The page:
Checking accounts are an absolute necessity these days.
You can either have a checking account or run to the
bank or other outlet for money orders. Many people pay
for almost everything with a check including groceries,
gas, clothes and a long list of other things. When you
add an ATM card to this picture, your chances for a
potential problem is greatly enhanced.
Don't get me wrong. There are many people that can keep
their check book up to date, even deducting all of the
ATM advances and automatic withdrawals as they make them.
However, too many people that write checks for everything
wind up not entering a check when it is written or an ATM
advance when it is made. The result is a bounced check fee
of up to $25 for the bank and god only knows what the
store where you wrote the check could charge you.
It seems like carrying cash to pay for things isn't the
"IN" thing to do. When I'm in the check out line, most
people are paying with a credit card, debit card, or check.
I realize that carrying cash has it's risks. You could
lose it or have it stolen. What are the risks when paying
by check? There are absolutely none if you enter each check
and properly deduct the amount from your account. However,
I have counseled people that have as much as $100 per month
in overdraft fees. This isn't just for one month. This is
an average over a six month period. That is a lot of money
that these people couldn't afford.
What's the best way to handle my checking account?
If you don't have problems keeping up with your checking
account, keep doing what you are doing.
If you occasionally have bounced checks, I recommend that
you use your checking account only to pay your monthly bills
and use cash for everything else. If you have an ATM card,
With that said, I know you will probably not quit writing
checks or destroy your ATM card. So let's look at what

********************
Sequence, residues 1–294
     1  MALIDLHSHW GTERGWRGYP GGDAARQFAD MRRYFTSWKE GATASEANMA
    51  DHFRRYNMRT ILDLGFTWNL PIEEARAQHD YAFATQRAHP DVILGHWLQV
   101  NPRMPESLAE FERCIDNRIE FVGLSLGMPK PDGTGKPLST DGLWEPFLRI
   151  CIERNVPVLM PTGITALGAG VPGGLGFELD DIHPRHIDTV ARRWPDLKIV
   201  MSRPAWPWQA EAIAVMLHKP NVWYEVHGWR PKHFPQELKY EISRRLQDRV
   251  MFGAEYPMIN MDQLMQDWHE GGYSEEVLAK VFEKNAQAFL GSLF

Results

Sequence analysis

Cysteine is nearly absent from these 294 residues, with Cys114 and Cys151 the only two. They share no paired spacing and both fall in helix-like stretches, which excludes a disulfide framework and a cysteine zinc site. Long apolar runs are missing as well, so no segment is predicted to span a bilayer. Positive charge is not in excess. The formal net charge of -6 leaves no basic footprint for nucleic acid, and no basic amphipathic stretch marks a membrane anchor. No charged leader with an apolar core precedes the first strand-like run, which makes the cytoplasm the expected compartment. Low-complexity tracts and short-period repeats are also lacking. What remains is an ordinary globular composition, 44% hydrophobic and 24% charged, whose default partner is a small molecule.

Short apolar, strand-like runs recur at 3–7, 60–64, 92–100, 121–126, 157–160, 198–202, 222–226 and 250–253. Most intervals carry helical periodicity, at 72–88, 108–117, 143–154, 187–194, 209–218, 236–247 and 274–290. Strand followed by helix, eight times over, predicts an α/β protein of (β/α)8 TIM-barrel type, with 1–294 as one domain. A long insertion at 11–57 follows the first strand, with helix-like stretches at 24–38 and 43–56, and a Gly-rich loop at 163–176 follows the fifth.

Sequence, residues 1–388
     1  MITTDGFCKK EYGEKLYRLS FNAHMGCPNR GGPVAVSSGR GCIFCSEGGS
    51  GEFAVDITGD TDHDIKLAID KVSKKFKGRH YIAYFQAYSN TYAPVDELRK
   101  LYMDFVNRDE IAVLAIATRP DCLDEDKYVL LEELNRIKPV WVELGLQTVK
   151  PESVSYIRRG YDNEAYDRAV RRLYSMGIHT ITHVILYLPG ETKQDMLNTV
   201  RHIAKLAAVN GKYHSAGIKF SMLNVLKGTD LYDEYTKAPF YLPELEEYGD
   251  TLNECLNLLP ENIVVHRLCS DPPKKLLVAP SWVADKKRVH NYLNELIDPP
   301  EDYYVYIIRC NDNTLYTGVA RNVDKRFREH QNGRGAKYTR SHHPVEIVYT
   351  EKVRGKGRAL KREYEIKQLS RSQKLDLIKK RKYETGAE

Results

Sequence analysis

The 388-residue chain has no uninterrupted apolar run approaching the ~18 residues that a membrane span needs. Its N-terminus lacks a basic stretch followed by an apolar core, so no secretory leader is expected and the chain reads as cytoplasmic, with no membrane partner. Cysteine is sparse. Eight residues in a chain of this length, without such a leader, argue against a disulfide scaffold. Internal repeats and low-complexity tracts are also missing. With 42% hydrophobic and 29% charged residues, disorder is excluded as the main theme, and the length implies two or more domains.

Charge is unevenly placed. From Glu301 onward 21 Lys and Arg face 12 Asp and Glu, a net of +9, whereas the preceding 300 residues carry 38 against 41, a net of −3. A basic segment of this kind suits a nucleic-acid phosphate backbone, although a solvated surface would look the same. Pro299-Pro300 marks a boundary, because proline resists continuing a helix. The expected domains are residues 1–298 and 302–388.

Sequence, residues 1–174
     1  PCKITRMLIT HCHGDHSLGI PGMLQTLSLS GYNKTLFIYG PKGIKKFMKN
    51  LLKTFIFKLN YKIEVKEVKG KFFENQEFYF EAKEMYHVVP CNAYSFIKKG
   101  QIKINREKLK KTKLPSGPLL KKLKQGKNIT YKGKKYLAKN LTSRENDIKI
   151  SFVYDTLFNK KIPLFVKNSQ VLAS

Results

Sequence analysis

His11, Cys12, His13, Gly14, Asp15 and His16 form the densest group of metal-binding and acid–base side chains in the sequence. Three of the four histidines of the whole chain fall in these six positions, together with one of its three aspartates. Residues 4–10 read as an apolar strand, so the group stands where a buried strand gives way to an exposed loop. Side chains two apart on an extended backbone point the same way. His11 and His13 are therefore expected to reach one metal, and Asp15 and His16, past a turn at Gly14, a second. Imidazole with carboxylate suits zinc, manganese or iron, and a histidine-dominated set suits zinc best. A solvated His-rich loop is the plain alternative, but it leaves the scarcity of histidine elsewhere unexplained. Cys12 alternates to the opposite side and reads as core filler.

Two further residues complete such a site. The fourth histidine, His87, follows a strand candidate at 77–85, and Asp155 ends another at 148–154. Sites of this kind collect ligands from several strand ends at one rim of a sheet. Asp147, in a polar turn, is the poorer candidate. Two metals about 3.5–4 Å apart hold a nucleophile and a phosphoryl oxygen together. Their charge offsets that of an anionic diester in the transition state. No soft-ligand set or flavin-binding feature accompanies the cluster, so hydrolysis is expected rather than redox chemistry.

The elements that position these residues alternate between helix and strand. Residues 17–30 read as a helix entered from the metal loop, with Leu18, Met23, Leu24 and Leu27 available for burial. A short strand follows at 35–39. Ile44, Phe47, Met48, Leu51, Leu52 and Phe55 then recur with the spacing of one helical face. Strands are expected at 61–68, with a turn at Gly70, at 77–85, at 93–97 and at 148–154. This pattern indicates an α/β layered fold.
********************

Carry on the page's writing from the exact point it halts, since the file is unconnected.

you need to do to keep up with your checking account.
Determine exactly how much money you have in your account
even if you have to go to the bank for help.
Enter that information on a new page in your check register.
Enter the date, your check number, payee and amount in
your check register when you write the check. Don't worry
about the people in line behind you. This will only take
a few seconds. If you like, you can deduct the amount of
the check when you get home.
Take your check book with you when you use the ATM and
enter your withdrawal while you are still at the machine.
Develop a system to deduct automatic withdrawals. It is
probably best to deduct these on the first of each month.
Add any deposits as you make them. You need to find out
how much and when direct deposits should be entered in
your check register.
When you receive your bank statement, reconcile it as
soon as possible. If you find any discrepancies check
them out immediately. Don't give up until you are sure
you have resolved the problem. The balance you show in
your check register should match the bank, less any bank
When you reconcile your bank statement be sure to clearly
mark the checks that have been returned to you. One of
the biggest problems people have with overdrafts is
missing a check that is taking a long time clearing the
bank. Go back at least a month to make sure all previous
check have cleared.
I really don't mean to insult anyone's intelligence with
this article. Having problems with your checking account,
as with all other money problems, isn't a matter of
intelligence anyway, it's a matter of discipline. It can
cost you a lot of money by not applying that discipline
to managing your checking account.
Terry Rigg is the author of Living Within Your Means - The Easy
Way http://www.homemoneyhelp.com/ebookadpage.html and editor
of The FREE Budget Stretcher Newsletter and Budget Stretcher
web site http://www.homemoneyhelp.com. He has 25 years of
experience counseling individuals and families concerning their